Judy Chicago, herself, talking about the creation of her amaaaaaaaaazing work, “The Dinner Party (1979)” in The Guardian.
The LA art scene was extremely macho in the 60s and few women were taken seriously. For a decade I struggled to make a place for myself, but to accomplish this I had to adopt “male drag” – that is, make work that looked like that of my male peers and echoed their concerns. By the end of that time I was fed up and wanted to be myself as a woman. I decided to look into history to see if there had been any before me who had encountered similar obstacles.
This was before there were any women’s studies classes, so I had to ferret out information entirely on my own. What I discovered changed my life. It also enraged me because my professor was completely wrong. Unfortunately, ignorant convictions like his continue to hold sway, exemplified by Caitlin Moran’s recent book, How To Be a Woman. “Even the most ardent feminist historian … can’t conceal that women have basically done fuck-all for the last 100,000 years,” she writes. The truth is that for centuries women have struggled to be heard, writing books, making art and music and challenging the many restrictions on women’s lives. But their achievements have been repeatedly written out of history.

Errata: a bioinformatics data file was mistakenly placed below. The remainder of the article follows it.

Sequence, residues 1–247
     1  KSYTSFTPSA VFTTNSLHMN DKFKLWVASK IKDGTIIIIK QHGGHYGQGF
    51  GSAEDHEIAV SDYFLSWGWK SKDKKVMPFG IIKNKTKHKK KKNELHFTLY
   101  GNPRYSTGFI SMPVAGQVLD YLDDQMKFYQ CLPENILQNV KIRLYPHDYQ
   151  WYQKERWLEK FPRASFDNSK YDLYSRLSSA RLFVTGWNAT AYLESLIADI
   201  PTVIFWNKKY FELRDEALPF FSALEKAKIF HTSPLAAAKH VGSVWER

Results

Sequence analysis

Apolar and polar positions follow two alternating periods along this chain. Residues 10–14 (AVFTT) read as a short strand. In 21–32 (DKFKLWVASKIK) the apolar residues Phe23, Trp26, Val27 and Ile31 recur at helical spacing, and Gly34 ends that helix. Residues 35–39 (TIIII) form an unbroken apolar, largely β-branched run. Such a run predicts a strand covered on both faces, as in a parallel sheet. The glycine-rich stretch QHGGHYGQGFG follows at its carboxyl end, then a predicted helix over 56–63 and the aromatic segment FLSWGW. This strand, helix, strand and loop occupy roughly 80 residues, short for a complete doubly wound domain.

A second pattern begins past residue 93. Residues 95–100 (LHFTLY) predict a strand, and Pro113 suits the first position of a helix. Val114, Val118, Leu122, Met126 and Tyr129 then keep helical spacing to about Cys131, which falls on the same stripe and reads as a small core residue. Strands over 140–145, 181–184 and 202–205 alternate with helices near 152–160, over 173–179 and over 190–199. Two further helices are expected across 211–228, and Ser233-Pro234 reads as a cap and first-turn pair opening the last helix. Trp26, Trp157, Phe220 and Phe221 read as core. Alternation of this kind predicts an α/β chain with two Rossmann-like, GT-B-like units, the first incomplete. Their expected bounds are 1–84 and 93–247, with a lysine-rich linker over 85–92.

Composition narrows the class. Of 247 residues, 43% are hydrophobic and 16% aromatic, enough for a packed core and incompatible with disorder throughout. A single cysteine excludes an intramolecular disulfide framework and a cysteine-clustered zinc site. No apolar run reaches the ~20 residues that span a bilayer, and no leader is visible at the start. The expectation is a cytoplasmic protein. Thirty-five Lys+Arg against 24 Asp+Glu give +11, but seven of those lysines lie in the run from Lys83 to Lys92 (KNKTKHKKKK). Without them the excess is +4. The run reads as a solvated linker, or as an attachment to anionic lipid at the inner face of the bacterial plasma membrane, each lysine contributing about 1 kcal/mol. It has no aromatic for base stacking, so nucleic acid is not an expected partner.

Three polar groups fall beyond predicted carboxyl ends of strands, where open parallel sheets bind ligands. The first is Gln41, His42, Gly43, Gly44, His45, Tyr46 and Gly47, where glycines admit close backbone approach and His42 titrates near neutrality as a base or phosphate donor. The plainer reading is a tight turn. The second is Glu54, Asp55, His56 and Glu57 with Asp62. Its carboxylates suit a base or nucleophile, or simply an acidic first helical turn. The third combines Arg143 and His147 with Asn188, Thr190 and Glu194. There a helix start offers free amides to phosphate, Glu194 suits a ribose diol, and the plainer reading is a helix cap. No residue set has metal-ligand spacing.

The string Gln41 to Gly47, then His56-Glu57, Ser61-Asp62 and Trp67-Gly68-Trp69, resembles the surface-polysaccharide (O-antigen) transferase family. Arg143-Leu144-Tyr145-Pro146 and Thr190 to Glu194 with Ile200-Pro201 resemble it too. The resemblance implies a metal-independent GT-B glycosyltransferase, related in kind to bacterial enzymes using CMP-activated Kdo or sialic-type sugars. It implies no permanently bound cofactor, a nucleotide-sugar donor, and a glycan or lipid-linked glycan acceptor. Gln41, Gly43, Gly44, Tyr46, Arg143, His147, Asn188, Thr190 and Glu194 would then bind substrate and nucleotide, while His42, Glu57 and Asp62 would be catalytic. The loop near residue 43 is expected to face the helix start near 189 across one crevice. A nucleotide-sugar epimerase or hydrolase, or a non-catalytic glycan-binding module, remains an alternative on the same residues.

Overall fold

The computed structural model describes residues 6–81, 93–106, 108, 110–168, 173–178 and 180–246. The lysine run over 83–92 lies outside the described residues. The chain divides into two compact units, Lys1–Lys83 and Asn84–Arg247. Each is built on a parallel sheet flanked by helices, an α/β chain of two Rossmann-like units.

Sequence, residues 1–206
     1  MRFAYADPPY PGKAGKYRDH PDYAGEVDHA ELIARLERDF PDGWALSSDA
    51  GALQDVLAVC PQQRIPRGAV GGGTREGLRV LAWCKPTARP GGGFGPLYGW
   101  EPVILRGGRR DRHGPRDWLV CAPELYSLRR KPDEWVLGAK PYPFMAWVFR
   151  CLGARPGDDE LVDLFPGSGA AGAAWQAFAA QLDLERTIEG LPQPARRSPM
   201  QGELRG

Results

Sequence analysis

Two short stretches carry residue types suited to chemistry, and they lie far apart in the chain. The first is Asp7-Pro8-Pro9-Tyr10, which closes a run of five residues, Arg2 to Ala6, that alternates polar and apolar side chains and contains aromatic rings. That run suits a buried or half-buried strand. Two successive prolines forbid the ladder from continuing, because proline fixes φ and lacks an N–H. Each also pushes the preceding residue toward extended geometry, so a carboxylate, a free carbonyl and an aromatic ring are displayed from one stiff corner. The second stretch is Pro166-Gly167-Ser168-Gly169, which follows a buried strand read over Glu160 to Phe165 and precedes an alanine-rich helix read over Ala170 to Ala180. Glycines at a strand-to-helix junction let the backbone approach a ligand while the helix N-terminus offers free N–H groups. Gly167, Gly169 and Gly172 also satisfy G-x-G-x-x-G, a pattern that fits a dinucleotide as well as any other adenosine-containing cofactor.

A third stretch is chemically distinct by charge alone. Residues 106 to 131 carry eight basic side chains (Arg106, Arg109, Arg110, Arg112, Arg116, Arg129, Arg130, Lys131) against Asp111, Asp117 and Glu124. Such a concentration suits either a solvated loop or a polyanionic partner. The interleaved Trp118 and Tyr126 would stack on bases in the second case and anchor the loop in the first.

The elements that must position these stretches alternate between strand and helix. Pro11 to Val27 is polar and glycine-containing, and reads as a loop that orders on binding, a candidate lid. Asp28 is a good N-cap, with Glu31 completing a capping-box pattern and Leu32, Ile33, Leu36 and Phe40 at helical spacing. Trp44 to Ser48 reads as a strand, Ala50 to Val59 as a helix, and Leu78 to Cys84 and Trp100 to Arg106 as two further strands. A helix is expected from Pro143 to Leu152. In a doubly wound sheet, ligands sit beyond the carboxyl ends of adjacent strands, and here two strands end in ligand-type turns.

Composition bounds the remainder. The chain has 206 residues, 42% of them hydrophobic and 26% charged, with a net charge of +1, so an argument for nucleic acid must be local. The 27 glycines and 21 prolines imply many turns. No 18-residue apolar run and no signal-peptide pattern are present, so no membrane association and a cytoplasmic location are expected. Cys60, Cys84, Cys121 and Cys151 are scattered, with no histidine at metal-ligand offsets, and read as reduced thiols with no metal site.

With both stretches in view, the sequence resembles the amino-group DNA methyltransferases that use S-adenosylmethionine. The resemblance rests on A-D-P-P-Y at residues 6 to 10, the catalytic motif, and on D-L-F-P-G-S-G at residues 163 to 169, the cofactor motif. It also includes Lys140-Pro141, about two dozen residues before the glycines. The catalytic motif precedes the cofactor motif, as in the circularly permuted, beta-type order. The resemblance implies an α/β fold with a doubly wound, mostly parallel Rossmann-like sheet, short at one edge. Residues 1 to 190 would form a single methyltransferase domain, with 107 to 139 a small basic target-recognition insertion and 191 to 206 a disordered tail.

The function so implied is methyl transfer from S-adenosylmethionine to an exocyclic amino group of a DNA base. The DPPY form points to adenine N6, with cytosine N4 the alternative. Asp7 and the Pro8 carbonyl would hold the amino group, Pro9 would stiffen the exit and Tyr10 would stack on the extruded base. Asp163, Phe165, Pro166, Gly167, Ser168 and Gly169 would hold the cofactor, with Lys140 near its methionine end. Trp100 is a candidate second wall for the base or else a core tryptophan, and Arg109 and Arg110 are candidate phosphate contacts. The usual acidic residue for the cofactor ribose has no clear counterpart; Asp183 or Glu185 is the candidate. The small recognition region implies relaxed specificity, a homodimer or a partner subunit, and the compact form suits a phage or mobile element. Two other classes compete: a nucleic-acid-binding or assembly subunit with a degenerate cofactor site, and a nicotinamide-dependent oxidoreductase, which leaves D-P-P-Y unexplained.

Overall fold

I set out to chronicle this ongoing erasure in my installation The Dinner Party, a monumental, symbolic history of women in western civilisation. It created a major stir when it premiered in 1979. Originally slated to travel to a number of museums, the tour collapsed in the face of vitriolic reviews, sometimes (sadly) written by women.